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Common Congenital Heart Lesions - page 81 / 126





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81 of 126

Heart Failure

Chapter 9 p.218-236, reading from Monday 27th

Heart Failure: inability of the heart to pump blood forward at a sufficient rate to meet the metabolic demands of the body (forward failure), or the ability to do so only if the cardiac filling pressures are abnormally high (backward failure), or both. Impaired left ventricular function is the most common cause of heart failure.

Review of cardiac physiology:

Frank-Starling Relationship: The higher the preload, the greater the ventricular output. In English, an increase in the amount of blood in the ventricle before contraction (during diastole) results in an increase in the amount of blood the ventricle pumps into the aorta during systole. This relationship is a good thing because it allows the ventricle to pump more blood when it sees an increased volume (like during exercise).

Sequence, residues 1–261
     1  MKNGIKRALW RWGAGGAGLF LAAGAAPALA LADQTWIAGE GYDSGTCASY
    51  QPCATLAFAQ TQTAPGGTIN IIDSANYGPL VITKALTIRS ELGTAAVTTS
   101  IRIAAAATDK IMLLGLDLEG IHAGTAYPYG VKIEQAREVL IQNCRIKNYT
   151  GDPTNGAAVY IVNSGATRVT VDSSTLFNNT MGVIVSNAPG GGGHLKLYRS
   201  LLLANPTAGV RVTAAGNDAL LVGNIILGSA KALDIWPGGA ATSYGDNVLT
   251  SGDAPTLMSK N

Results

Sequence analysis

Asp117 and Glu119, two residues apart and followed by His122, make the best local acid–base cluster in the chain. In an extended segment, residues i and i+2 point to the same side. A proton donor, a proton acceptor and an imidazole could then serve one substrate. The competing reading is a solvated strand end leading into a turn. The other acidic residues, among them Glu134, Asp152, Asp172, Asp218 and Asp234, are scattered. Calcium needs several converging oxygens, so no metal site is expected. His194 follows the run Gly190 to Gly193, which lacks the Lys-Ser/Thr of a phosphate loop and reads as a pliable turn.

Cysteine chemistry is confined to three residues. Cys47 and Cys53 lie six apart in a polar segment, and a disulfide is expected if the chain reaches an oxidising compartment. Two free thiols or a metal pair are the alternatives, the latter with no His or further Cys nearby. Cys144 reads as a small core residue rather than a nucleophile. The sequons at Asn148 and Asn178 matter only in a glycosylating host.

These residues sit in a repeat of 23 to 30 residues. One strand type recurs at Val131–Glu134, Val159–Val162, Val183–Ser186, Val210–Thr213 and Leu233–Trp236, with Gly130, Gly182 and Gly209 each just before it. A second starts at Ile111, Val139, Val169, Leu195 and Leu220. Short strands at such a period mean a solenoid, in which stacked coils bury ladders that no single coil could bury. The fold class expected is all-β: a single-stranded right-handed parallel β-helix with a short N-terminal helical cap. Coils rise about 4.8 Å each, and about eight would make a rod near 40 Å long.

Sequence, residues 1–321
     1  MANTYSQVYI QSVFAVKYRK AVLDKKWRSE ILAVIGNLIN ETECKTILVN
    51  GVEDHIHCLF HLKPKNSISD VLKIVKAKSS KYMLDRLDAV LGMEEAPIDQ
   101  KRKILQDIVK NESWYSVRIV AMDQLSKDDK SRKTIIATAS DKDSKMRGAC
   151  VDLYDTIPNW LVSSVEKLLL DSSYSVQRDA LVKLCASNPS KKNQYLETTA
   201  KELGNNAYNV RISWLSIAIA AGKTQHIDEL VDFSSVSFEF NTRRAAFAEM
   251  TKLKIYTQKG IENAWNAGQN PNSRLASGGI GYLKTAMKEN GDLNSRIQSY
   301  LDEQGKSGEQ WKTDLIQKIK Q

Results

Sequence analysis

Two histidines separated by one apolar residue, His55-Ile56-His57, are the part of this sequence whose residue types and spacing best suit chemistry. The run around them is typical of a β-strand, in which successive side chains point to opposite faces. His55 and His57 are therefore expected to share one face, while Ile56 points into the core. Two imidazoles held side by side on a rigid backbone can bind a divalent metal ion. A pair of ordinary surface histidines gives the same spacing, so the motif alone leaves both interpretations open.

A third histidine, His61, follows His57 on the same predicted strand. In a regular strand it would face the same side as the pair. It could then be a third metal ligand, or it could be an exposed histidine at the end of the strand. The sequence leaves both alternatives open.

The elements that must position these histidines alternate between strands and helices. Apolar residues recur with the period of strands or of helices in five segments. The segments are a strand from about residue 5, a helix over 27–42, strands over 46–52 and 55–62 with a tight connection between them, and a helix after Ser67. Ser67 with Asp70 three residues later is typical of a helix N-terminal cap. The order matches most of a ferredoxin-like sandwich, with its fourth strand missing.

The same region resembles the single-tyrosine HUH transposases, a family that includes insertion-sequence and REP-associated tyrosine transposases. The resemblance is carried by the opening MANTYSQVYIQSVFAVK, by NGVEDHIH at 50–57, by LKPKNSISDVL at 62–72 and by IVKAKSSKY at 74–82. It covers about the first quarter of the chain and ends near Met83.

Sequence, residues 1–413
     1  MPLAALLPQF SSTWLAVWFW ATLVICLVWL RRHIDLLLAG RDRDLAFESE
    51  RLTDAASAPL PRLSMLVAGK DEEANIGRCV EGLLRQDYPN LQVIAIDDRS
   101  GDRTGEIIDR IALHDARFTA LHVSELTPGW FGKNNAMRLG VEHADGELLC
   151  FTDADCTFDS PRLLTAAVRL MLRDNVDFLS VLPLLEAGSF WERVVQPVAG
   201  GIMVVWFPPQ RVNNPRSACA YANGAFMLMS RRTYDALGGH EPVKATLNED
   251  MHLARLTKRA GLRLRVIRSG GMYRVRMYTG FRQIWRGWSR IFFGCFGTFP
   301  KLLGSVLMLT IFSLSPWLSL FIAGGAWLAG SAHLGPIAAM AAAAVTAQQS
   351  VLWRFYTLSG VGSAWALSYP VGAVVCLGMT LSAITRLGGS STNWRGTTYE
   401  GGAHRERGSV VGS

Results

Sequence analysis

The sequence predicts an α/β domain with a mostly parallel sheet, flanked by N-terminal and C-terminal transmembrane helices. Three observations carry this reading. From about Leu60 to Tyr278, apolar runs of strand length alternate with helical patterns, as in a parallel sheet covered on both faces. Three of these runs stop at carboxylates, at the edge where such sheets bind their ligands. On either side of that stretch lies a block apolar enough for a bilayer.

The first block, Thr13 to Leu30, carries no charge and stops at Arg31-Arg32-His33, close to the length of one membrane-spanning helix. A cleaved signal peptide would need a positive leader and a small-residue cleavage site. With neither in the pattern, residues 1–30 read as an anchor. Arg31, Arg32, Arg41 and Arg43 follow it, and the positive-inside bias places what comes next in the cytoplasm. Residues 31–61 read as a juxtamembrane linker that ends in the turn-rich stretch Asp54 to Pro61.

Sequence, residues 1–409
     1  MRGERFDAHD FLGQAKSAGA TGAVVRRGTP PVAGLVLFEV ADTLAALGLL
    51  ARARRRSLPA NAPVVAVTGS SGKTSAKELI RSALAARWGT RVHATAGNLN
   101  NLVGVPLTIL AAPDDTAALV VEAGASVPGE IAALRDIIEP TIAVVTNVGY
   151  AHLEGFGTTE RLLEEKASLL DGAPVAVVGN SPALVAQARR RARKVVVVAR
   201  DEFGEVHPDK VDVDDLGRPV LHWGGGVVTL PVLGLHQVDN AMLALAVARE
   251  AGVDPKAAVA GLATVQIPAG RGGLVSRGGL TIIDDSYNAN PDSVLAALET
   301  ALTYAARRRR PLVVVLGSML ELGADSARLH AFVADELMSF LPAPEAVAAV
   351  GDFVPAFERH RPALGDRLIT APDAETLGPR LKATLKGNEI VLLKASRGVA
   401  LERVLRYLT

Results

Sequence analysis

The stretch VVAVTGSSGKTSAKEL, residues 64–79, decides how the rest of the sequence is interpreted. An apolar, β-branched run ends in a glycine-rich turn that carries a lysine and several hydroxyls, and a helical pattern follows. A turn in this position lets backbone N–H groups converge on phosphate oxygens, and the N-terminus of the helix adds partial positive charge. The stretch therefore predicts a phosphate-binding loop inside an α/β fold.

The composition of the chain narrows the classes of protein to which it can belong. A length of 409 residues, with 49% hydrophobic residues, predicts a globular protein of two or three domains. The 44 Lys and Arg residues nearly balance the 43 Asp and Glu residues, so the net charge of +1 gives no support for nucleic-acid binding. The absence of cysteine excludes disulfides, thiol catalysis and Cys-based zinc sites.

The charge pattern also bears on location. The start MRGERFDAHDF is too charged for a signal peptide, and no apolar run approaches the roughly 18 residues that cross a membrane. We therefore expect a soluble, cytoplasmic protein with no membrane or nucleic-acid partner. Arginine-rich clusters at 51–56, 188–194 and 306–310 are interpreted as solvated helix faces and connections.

Why this happens: think of the ventricles as a new balloon. The more air you put in the balloon, the more the balloon has to stretch to hold the air. In the heart, this stretching comes from the overlap of actin and myosin filaments and a subsequent increase in the number of crossbridges linking the two filaments. An increase in crossbridges results in an increase in the force of contraction and an increase in Ca2+ sensitivity, which further increases the force of contraction. Again, think of the balloon. If you blow the balloon up a lot and let it go, it flies around the room because the air comes out with a lot of force. But if you only blow the balloon up a little bit, the air leaves with less force, and it’s no fun because the balloon just falls on the floor. :0) See p.215 Fig 9.3

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